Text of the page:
Two Router-Table/Tablesaw Extensions
My shop is too small to endure much more big equipment. So when I needed both a router table and additional outfeed support on my table saw, I combined both functions in the extension table shown in the sketch above. Since the table is bolted to the saw, alignment between extension and saw table is better and the table is easy to clean under. I made the 3/4-in. flakeboard table 32 in. wide. Added to the saw table, this gives 44 in. of support. Leave a gap between the saw table and extension so that a plywood panel can be ripped, then crosscut with a saber saw or circular saw without moving the panel off the table. The blade will travel between saw table and extension. Bevel the front edge of the table so it won’t catch work as it leaves the saw table. Cut a 10-in. square hole in the middle of the outfeed table to hold a router or saber saw mounted on 10-in. plywood inserts. Cut another insert blank to fill the hole when not in use.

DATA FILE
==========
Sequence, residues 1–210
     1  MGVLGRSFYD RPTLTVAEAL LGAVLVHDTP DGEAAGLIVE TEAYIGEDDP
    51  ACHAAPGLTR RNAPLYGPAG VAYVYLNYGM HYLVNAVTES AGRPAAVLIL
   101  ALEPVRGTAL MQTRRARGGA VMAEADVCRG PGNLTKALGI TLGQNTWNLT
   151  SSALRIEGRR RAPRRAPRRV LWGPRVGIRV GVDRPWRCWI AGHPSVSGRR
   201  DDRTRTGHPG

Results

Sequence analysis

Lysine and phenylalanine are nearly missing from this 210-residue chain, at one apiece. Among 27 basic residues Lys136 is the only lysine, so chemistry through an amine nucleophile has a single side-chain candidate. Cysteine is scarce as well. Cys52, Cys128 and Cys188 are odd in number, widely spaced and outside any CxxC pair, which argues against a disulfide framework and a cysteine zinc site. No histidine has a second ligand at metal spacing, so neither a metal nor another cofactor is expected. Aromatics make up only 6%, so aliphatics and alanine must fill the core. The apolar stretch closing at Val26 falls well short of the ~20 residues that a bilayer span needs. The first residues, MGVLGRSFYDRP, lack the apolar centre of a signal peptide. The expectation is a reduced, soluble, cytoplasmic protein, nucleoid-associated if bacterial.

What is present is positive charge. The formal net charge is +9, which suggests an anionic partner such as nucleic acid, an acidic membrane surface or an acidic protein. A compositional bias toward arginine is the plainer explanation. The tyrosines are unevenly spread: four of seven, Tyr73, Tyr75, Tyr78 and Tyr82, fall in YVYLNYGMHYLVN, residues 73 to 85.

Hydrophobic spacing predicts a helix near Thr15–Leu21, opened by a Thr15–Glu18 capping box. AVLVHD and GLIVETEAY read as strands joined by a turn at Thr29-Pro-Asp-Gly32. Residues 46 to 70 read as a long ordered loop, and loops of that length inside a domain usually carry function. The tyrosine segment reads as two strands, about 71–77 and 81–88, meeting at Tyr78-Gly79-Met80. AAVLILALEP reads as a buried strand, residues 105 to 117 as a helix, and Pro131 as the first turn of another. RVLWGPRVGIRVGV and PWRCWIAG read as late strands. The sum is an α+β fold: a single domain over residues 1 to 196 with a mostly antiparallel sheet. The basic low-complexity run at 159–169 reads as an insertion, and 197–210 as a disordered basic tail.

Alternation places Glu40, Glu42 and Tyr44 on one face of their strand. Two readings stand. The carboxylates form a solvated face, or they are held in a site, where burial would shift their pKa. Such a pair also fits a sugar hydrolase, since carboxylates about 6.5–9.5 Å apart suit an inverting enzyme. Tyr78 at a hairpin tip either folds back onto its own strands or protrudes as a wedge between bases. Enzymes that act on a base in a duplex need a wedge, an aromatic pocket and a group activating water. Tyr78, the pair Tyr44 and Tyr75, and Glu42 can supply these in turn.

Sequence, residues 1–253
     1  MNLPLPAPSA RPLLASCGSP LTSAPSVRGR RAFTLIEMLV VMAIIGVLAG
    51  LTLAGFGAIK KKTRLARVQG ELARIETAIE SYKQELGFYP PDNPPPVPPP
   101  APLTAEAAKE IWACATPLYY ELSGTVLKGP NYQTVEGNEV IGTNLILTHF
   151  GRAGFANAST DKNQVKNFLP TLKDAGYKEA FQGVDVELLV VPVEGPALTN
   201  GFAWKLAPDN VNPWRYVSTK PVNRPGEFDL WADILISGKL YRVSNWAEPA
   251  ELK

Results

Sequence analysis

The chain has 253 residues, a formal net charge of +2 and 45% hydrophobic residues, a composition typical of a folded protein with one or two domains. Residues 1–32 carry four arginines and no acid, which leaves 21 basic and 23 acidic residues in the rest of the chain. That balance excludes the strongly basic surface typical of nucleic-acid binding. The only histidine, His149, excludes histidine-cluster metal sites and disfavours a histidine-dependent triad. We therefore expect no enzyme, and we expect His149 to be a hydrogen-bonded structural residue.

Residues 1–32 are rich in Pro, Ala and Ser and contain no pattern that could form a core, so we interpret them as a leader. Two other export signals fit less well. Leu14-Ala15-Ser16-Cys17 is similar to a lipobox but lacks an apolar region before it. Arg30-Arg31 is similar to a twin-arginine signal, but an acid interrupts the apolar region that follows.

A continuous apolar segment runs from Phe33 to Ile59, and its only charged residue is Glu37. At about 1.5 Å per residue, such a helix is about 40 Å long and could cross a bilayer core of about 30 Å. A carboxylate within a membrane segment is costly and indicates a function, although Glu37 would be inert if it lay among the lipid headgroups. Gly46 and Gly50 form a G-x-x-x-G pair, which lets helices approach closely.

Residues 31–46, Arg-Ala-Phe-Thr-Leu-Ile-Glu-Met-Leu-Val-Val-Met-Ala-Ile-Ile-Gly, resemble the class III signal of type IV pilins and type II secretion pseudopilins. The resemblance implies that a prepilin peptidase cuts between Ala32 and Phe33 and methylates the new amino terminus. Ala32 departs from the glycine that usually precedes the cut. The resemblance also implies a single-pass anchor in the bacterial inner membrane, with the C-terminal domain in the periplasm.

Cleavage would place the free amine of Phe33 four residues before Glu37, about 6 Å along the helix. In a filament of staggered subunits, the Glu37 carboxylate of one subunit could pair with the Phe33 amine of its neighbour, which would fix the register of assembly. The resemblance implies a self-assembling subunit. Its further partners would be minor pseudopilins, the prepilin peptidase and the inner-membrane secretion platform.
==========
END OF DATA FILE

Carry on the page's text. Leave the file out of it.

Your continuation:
W. Davis Smoot, Duncanville, Tex
By mounting a router table to the side of the table saw as shown above, you can combine the control of the saw’s miter gauge and rip fence with the safe, crisp cuts of the router. You’ll find the saw’s miter gauge useful in cutting cross-grain dadoes, dovetails and finger joints. Cut mortises, tenons and with-grain grooves using the saw’s rip fence. The combination saves shop space and increases the surface area of your table saw. There’s no need ever to remove the router table just lower the bit when not in use.
Mark Duginske, Wausau, Wis.
Fine Woodworking Magazine, October 1980 No. 24